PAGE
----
Mr David Blunkett (Sheffield, Brightside and Hillsborough) (Lab): I am grateful to the right hon. Gentleman for giving way, and I congratulate him. In suggesting that other countries are, to use his words, reducing their sovereign debt, is he not admitting-given that he is the Education Secretary and that he can therefore add up-that the previous Labour Government cannot have been responsible for those countries' debts? Does he acknowledge that they took action in the same way as our Government did to protect us from a meltdown in the system?
Michael Gove: I am grateful to the right hon. Gentleman for making the point, as I was arguing, that other countries are taking action now-in this year, even as we speak-to deal with these problems. He stood on a platform, as did the right hon. Member for Morley and Outwood, saying that it would be "folly" to take action this year. That view-that action was required this year-was not put forward only by Conservative Members, as it was the view of the Governor of the Bank of England, who backed early action to deal with the deficit. He said that we needed to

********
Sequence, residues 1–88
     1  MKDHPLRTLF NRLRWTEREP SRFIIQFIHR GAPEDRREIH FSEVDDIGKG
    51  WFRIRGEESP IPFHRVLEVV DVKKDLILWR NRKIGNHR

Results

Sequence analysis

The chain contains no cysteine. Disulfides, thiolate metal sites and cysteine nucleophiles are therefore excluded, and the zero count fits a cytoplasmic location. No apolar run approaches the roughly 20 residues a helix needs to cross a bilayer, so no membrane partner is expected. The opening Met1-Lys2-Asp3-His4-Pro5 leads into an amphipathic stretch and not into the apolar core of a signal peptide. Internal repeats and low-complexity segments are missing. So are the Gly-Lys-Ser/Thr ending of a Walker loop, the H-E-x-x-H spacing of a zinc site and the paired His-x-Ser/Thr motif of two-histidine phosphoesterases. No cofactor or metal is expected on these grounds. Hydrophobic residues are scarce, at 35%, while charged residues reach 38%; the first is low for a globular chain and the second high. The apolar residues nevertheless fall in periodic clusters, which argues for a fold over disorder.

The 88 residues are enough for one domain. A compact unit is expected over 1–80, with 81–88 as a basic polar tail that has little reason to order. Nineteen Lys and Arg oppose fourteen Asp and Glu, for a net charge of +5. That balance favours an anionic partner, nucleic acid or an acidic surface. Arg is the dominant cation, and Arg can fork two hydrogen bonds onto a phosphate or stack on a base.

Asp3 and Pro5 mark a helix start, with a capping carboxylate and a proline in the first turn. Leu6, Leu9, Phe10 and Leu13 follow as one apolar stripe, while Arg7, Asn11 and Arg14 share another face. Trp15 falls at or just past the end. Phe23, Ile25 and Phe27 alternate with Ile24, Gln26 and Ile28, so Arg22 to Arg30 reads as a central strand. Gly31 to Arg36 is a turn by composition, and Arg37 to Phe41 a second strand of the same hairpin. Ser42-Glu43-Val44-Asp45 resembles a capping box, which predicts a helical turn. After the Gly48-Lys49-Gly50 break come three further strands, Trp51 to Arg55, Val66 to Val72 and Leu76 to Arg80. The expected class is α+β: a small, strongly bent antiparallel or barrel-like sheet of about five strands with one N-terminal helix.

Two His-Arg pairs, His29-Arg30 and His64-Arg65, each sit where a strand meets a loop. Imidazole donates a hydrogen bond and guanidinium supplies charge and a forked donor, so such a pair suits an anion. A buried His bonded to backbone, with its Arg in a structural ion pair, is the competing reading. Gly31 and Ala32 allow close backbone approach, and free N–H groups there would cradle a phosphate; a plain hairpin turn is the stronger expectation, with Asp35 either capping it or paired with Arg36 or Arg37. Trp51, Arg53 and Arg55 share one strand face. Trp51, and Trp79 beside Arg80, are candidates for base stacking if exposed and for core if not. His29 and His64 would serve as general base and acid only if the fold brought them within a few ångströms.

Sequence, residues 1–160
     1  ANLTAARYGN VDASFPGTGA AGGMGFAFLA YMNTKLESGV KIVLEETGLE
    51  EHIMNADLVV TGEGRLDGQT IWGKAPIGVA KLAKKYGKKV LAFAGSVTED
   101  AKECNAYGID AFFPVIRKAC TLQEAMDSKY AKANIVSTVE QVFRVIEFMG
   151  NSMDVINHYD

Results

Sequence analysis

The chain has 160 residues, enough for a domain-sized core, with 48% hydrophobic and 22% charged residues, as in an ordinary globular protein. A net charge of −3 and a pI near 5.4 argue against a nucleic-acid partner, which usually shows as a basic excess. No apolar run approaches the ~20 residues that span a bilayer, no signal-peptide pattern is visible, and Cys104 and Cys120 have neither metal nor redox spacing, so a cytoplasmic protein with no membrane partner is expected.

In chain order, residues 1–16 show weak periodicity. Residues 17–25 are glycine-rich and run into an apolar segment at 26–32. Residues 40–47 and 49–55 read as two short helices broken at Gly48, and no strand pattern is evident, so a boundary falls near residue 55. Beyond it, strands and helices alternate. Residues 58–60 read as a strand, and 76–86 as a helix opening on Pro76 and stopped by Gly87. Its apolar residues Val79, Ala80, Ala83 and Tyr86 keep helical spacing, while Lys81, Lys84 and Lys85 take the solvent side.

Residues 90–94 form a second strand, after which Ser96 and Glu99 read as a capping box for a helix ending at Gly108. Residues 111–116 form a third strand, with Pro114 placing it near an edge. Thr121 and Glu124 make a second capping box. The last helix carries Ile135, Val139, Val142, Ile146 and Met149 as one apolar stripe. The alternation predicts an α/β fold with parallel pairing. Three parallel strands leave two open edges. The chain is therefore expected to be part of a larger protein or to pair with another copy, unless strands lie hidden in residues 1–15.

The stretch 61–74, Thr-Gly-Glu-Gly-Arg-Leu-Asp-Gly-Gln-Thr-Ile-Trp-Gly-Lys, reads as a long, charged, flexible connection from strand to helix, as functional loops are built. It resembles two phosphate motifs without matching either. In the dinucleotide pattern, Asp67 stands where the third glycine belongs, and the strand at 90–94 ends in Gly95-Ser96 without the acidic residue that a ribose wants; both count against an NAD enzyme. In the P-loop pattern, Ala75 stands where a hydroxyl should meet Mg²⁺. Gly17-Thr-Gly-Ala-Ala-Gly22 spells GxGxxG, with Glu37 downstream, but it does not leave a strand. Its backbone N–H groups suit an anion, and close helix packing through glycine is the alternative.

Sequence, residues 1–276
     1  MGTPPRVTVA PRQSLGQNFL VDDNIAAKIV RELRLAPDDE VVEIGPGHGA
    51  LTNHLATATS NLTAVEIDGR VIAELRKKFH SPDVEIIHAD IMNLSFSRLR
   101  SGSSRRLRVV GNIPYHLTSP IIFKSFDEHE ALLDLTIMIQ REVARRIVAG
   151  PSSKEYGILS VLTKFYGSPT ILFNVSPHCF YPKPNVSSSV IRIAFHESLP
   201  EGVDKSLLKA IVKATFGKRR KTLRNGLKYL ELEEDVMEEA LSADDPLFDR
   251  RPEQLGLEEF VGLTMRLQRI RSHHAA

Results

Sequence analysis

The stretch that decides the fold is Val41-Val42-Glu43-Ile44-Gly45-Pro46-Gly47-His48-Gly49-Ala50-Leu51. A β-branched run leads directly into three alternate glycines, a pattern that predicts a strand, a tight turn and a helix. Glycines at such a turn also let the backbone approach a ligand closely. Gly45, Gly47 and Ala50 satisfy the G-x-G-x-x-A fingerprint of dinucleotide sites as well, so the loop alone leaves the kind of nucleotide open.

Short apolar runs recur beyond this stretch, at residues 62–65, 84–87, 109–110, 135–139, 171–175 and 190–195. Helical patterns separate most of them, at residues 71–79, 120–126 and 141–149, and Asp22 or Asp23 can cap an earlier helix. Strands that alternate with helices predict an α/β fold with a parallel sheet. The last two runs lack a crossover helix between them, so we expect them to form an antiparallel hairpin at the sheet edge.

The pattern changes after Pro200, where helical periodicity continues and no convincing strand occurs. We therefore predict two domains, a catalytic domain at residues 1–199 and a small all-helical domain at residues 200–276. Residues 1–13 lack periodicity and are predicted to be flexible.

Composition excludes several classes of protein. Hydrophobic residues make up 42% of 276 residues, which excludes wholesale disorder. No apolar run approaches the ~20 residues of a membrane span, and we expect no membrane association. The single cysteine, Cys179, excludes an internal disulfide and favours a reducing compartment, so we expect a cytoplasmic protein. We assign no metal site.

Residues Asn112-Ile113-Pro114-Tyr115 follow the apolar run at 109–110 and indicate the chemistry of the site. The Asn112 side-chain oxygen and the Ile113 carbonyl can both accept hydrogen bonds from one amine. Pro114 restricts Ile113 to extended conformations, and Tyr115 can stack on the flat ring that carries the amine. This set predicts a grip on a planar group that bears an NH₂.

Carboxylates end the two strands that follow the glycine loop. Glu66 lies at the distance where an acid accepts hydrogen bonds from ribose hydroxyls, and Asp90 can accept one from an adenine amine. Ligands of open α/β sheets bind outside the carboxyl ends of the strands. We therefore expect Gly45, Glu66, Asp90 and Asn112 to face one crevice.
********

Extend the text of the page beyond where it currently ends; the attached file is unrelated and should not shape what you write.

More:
"tackle excessive fiscal budget deficits"
"I am very pleased that there is a very clear and binding commitment to accelerate the reduction in the deficit over the lifetime of the Parliament and to introduce additional measures this fiscal year to demonstrate the importance of getting to grips with that before running the risk of an adverse market reaction."
"That is why Bank of England independence, once a controversial idea, is now accepted across all parties and by both sides of industry."
Michael Gove: It is a great column and a great newspaper-never was a truer word said. It is against the backdrop of the terrible fiscal position left us by the previous Government, in which the right hon. Gentleman played such a distinguished part, that we have to make our judgments in this Queen's Speech.
Hard times require tough choices, and we have chosen to put health and education first, not just in terms of spending, but in terms of reform. Unlike the last Prime Minister, we recognise that investment in the front line has to be matched with trust in the front line. That is why, in both health and education, we will devolve responsibility down-away from Whitehall towards schools and hospitals. Power will be taken out of the hands of politicians and bureaucrats, and placed in the hands of teachers, nurses and doctors.
Mr Graham Stuart (Beverley and Holderness) (Con): I am grateful to my right hon. Friend and congratulate him on his new post. The single most important way to raise standards in education is to attract, retain and motivate higher calibre people in teaching and school leadership. What steps will the new coalition Government take to make teaching more attractive and to ensure that we increase the motivation and support of teachers?